'Racy, vivacious, warm-hearted. Offers an illuminating and well-researched portrait of life among the artists, a century ago' TLS Subversive, eccentric and flamboyant, the artistic community in the first half of the twentieth century were ingaged in a grand experiment. The Bohemians ate garlic and didn't always wash; they painted and danced and didn't care what people thought. They sent their children to co-ed schools; explored homosexuality and Free Love. They were often drunk, broke and hungry but they were rebels. In this fascinating book Virginia Nicholson examines the way the Bohemians refashioned the way we live our lives.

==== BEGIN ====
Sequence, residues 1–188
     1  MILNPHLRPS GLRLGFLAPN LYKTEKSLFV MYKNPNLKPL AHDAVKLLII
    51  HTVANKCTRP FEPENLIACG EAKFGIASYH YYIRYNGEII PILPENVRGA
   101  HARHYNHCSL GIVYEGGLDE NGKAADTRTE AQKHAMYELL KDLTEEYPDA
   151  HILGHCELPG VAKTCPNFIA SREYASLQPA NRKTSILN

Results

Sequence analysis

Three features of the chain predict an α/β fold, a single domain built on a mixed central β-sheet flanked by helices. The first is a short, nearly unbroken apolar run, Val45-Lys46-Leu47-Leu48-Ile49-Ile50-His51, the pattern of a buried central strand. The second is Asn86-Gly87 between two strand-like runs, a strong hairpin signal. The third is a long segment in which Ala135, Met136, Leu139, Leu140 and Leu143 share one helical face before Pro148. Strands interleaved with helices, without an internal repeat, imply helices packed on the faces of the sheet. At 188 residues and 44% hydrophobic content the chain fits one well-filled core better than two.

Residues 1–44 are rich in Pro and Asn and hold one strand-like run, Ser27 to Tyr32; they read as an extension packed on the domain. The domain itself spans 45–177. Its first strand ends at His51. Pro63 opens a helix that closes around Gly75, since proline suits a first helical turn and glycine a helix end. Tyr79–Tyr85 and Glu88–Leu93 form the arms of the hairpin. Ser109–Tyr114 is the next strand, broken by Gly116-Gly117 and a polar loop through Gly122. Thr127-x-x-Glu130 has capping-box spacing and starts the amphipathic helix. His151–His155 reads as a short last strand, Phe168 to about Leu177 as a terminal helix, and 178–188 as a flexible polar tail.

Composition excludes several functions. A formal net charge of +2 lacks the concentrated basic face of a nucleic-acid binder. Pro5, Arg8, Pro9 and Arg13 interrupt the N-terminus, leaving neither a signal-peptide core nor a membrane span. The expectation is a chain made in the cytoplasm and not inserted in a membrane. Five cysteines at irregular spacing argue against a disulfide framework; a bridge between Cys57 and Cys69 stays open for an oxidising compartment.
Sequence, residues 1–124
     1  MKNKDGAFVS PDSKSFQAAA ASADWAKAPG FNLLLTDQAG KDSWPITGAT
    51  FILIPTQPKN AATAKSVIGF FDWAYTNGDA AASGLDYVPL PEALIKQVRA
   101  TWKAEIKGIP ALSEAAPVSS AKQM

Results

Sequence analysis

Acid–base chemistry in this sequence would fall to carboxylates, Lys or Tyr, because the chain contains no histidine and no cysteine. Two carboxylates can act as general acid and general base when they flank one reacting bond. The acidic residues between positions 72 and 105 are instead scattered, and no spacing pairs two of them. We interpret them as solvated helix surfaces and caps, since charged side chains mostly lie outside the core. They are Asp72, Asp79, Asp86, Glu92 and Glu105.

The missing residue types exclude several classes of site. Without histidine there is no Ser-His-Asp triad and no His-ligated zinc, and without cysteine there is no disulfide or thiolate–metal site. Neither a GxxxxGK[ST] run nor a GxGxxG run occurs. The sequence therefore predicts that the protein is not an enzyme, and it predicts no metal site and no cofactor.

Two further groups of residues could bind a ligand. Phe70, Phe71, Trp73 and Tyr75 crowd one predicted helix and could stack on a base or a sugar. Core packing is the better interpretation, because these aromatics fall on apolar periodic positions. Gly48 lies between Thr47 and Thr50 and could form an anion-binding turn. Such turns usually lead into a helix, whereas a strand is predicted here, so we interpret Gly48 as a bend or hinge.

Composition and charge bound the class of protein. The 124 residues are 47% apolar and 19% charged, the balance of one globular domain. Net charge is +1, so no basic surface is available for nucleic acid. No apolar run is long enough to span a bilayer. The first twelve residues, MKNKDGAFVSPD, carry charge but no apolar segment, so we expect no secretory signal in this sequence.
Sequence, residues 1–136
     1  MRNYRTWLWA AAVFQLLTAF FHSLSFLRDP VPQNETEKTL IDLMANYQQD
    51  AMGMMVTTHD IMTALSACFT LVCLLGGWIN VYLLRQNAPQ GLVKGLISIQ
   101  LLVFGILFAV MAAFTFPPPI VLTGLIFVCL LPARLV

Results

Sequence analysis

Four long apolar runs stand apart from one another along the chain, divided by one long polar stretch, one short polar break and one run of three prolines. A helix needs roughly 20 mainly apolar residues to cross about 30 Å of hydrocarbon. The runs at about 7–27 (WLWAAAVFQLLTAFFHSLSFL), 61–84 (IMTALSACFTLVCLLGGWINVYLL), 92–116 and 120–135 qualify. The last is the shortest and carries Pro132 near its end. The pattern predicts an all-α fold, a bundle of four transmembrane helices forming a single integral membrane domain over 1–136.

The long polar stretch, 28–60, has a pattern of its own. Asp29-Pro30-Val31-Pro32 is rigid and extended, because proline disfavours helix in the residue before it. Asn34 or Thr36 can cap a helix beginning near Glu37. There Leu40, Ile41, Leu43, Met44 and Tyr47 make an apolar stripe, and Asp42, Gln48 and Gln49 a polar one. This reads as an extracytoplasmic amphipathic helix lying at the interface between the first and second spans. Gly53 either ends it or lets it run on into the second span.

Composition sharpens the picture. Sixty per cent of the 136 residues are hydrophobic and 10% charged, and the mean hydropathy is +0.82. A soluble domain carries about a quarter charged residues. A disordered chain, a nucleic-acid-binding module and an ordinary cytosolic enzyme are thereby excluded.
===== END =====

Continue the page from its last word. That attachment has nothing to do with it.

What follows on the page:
This sumptuous new Oxford Companion is devoted to gardens of every kind and the people and ideas involved in their making, in every part of the world where the designed landscape has played an important part. Its broad sweep makes this the perfect reference for garden-lovers everywhere. It combines a survey of the world's gardens, biographies of garden designers, nurserymen, and others, and entries on the worlds of horticulture and plantsmanship, with articles on a range of topics fromgarden visiting to garden elements and styles, and from scientific issues to the social history of gardens. The Companion provides comprehensive coverage in 1,750 alphabetical entries, detailing all aspects of the garden from the ancient to the avant garde. The writing is authoritative and engaging, with careful attention paid to the correct naming of plants, and a central aim of giving a vivid impression of what it is like to be in these inspirational gardens. There are sumptuous colourphotographs by some of the world's best garden photographers, and elegant engravings of historical subjects. Well over half of the entries are devoted to individual gardens, many of them open to the public. These include every kind of garden from palace gardens such as Versailles to private gardens of outstanding design or plant interest, public gardens, botanic gardens and arboreta, late 20th-century land art, and contemporary gardens everywhere. Central to the book are the garden cultures ofItaly, Britain, France, China, Japan, and the USA - unquestionably the most significant in the world - but the geographical coverage is worldwide, including such far-flung regions as Turkey, Peru, and Bali. The Companion draws on some of the expertise from The Oxford Companion to Gardens (1986) - in particular the late Maggie Keswick's groundbreaking writing on Chinese gardens. The international team of advisory editors and contributors includes leading authorities and top garden writers from more than 25 countries around the world. Many of the entries include suggestions for further reading and the work's usefulness is further enhanced by a general bibliography, a thematic listing of contents, and an index of gardens, individuals, themes, and features.